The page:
Obama Criticizes Automakers on Fuel Economy
DETROIT, May 7 — Senator Barack Obama of Illinois criticized American
auto companies today for doing too little to lessen the nation’s
dependence on foreign oil and said the United States must adopt a more
aggressive energy policy.
In a speech that hit hard at the failings of Detroit automakers, Mr.
Obama, a Democratic presidential candidate, said Japanese companies had
done far better than their Detroit counterparts to develop energy
Mr. Obama, speaking to a sold-out meeting of the Economic Club of
Detroit, proposed stricter fuel economy standards, wading into a debate
under way in Washington on increasing the corporate average fuel
economy, now at 27.5 miles a gallon for cars and 24 miles a gallon for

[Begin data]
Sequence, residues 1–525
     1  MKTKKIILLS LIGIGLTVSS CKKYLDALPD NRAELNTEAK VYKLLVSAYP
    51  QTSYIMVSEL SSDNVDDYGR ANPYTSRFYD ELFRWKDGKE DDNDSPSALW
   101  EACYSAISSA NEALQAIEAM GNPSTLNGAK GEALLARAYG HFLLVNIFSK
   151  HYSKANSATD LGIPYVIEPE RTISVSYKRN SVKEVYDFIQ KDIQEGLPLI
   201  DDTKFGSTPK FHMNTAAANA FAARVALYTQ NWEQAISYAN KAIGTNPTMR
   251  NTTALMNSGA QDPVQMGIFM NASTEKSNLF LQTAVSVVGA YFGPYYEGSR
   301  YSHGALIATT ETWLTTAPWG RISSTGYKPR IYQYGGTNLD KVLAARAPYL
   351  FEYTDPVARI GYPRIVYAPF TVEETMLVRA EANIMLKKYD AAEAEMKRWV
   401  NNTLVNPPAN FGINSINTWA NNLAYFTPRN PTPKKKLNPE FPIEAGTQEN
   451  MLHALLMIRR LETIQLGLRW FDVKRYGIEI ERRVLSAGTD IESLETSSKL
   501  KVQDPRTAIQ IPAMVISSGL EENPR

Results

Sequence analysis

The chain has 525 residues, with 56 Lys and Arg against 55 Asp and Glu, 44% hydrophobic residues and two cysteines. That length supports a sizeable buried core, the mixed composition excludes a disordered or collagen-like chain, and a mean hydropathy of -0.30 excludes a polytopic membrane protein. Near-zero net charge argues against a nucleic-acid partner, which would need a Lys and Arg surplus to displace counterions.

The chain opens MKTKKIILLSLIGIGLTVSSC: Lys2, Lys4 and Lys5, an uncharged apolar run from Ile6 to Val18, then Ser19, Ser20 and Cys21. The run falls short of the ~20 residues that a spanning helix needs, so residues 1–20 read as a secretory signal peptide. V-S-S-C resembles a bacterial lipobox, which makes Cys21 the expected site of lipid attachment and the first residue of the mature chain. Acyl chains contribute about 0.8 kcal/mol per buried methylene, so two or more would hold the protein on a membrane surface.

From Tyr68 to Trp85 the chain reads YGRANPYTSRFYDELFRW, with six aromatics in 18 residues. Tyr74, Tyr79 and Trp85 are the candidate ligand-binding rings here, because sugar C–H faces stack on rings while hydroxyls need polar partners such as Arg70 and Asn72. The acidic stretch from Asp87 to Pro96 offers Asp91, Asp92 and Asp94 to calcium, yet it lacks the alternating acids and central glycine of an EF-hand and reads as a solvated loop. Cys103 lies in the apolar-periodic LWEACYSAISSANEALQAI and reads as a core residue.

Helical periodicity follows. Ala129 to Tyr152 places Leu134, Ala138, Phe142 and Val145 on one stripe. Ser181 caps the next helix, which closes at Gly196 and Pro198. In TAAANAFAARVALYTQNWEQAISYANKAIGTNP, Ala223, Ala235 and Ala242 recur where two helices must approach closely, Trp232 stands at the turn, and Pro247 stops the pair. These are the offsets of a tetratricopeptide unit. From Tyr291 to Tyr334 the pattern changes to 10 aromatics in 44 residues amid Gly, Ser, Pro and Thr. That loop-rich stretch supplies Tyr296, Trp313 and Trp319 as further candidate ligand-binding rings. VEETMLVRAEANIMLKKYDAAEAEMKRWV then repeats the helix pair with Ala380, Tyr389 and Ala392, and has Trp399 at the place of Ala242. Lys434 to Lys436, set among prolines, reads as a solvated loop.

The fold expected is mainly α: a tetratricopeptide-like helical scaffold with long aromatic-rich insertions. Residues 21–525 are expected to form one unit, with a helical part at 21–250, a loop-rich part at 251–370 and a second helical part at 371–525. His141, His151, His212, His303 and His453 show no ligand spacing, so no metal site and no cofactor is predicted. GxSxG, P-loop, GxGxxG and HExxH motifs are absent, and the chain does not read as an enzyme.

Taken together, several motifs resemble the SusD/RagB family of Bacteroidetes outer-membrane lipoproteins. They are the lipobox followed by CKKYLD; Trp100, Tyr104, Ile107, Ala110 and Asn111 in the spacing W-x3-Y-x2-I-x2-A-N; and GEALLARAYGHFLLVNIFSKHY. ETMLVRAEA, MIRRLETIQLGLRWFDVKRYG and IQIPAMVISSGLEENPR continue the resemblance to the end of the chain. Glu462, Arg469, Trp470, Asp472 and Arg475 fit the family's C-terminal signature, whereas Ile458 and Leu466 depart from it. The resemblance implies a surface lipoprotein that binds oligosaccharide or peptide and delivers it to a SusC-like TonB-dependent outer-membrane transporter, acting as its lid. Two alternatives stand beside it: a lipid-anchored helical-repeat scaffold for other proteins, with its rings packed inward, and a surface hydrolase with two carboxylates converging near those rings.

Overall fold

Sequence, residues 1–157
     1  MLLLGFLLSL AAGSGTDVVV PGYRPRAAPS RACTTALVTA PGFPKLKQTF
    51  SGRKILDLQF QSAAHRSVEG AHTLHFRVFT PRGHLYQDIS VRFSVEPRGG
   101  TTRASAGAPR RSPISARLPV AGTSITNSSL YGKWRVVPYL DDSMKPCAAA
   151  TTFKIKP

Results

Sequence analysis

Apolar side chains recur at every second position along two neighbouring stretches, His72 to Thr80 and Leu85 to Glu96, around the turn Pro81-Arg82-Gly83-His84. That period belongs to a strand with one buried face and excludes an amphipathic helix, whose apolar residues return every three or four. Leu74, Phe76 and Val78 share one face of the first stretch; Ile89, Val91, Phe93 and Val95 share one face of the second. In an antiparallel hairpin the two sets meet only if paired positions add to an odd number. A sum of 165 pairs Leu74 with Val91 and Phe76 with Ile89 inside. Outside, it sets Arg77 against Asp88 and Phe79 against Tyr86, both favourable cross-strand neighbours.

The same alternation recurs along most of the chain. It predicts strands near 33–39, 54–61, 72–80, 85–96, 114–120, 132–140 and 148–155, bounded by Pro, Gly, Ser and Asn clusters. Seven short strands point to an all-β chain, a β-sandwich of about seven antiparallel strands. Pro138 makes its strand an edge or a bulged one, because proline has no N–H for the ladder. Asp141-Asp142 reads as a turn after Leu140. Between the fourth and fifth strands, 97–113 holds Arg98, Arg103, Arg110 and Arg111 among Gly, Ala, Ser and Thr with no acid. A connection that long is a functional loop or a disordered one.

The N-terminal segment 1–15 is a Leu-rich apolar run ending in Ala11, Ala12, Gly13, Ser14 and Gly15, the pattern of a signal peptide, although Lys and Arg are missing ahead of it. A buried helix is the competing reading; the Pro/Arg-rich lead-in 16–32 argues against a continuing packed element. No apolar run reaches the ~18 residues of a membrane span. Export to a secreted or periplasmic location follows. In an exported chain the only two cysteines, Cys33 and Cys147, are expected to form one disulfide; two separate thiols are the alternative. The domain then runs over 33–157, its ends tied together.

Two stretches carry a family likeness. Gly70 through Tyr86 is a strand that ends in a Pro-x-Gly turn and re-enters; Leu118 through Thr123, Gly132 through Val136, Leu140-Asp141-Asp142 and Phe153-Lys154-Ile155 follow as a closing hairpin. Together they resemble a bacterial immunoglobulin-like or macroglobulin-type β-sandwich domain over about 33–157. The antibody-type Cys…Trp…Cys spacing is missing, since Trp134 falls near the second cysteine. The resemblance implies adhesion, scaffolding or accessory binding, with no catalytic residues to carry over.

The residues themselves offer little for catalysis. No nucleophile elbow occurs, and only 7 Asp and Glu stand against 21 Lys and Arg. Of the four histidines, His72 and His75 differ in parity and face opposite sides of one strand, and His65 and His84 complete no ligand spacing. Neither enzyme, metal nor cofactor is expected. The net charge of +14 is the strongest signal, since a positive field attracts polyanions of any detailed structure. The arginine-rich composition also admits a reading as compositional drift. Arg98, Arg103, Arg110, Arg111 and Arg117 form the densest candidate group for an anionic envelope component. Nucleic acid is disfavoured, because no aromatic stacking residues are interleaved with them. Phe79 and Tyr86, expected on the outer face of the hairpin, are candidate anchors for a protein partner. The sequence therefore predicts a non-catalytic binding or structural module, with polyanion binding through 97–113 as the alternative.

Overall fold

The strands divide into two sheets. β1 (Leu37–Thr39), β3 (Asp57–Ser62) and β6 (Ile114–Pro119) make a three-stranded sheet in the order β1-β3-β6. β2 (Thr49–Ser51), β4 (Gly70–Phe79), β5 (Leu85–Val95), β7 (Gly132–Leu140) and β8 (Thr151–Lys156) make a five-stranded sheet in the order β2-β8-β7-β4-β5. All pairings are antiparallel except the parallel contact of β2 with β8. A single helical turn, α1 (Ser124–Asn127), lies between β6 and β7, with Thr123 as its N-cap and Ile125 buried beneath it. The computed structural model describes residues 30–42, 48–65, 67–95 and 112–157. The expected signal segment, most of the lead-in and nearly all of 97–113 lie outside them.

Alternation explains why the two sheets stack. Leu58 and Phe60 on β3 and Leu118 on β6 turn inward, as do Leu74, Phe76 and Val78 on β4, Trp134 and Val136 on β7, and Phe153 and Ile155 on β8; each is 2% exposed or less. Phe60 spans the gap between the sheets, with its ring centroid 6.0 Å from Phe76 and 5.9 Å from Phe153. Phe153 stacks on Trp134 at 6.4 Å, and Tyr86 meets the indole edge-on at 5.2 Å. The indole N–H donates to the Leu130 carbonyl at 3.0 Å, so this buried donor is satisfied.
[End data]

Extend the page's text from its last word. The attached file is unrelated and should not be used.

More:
“For years, while foreign competitors were investing in more
fuel-efficient technology for their vehicles, American automakers were
spending their time investing in bigger, faster cars,” he said,
according to a text of his remarks. “And whenever an attempt was made to
raise our fuel efficiency standards, the auto companies would lobby
furiously against it, spending millions to prevent the very reform that
could’ve saved their industry.”
Mr. Obama was making his first visit to Detroit since beginning his
presidential campaign. Significantly, he was introduced by Mayor Kwame
Kilpatrick of Detroit, also a Democrat, who has not endorsed a
Mr. Kilpatrick called Mr. Obama “presumably, maybe the next president of
the United States.” Mr. Obama received a standing ovation before his
speech, a rarity for an Economic Club event.
In his speech, Mr. Obama proposed stricter fuel economy standards,
greater availability of tax credits to consumers who buy hybrids or
other ultra-efficient vehicles and subsidies to help automakers pay
health care expenses in return for greater investment in advanced
He asserted that his proposals would save the United States 2.5 million
barrels of oil a day, which he said would be the equivalent of halting
oil imports from the Middle East and would remove 50 million cars’ worth
of pollution from the road.